Police u-turn leads to pill release
A POLICE u-turn led to the decision to give stocks of anti-radiation tablets to people living near the Sizewell nuclear site, it emerged today.About 200 residents within a 2.4 kilometre radius of the site have received letters outlining plans to pre-distribute potassium iodate tablets, which help protect the body's thyroid gland from absorbing cancer-causing radioactivity.
A POLICE u-turn led to the decision to give stocks of anti-radiation tablets to people living near the Sizewell nuclear site, it emerged today.
About 200 residents within a 2.4 kilometre radius of the site have received letters outlining plans to pre-distribute potassium iodate tablets, which help protect the body's thyroid gland from absorbing cancer-causing radioactivity.
Existing emergency plans are for the distribution of the tablets in the immediate aftermath of an accident.
The proposed change was previously thought to be associated with new advice from radiation watchdog, the National Radiological Protection Board, that the tablets should be taken as soon as possible after exposure to radiation, especially to protect toddlers and unborn babies.
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However, a fact sheet sent with the letter claims the reason is a decision by Suffolk police to no longer accept responsibility for distribution in the event of an accident.
The decision follows advice from the Association of Chief Police Officers which has been adopted around nuclear sites elsewhere in the country.
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It is understood that members of the association had expressed concerns about manpower implications and whether officers would have adequate radiation protection equipment.
Jeff Stacey, Suffolk county emergency planning officer, said: "For practical reasons the police do not think they can fulfil their obligation to distribute the medication to everyone who needs it, when they need it."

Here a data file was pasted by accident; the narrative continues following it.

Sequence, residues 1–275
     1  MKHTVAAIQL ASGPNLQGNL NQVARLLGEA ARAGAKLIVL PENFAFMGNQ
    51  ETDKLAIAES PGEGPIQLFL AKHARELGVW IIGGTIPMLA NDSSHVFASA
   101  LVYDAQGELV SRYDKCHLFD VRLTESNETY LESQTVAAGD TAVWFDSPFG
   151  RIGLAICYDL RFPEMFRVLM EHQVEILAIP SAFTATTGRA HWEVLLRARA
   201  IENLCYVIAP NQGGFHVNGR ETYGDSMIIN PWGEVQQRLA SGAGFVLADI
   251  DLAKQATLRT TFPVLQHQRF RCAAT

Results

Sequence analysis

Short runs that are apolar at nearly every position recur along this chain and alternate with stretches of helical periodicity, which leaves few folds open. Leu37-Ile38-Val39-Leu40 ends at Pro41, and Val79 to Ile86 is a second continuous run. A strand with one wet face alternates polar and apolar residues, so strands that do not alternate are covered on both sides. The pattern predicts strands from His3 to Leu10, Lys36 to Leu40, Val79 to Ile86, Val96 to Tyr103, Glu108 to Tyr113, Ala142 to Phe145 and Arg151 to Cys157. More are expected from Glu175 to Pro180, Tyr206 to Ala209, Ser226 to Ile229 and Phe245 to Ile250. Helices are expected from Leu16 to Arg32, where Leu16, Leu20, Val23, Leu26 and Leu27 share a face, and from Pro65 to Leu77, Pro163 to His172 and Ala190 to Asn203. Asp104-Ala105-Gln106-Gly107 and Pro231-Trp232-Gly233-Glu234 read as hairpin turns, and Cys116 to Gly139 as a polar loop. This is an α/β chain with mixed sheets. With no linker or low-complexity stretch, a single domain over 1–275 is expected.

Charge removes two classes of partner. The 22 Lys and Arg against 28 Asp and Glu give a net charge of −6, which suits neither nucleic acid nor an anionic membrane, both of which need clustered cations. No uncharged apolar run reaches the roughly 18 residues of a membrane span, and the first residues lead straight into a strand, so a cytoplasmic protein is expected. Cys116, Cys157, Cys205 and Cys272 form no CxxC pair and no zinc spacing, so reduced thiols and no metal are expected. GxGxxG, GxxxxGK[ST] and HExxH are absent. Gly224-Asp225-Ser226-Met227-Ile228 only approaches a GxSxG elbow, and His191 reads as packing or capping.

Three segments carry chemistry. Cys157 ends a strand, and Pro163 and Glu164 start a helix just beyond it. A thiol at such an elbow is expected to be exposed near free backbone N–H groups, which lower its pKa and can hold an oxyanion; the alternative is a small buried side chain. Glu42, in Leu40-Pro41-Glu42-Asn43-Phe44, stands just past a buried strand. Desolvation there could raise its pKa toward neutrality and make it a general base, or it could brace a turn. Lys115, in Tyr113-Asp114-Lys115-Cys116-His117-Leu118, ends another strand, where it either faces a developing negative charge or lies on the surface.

Mr Stacey said in the event of a major accident at Sizewell and a decision to recommend the taking of the potassium iodate tablets, local authority officials would liase with the emergency services over the best way of checking that everyone affected had supplies.
"Even though they no longer had sole responsibility the police could still play a part," he added.
Mr Stacey said officials were still looking at calls for an extension of the emergency planning zone to include villages such as Dunwich.
A Suffolk Police spokesman said: "National guidance, already adopted elsewhere in the country, states it is not appropriate for police officers to distribute the tablets as they are not qualified to deal with health related issues raised by the public.
"Suffolk Police would like to reassure people that until any firm decisions are made officers will assist in the distribution of these tablets in any nuclear emergency."
The spokesman said lack of protective gear was not a factor in the local situation.
Charles Barnett, chairman of the Shut Down Sizewell Campaign, said his group had been campaigning for eight years for pre-distribution of the anti-radiation tablets.
"While we welcome the move, the tablets should be issued to residents within a much wide accident because if a major release of radioactivity does occur it will affect hundreds of thousands, maybe millions, of people," he added.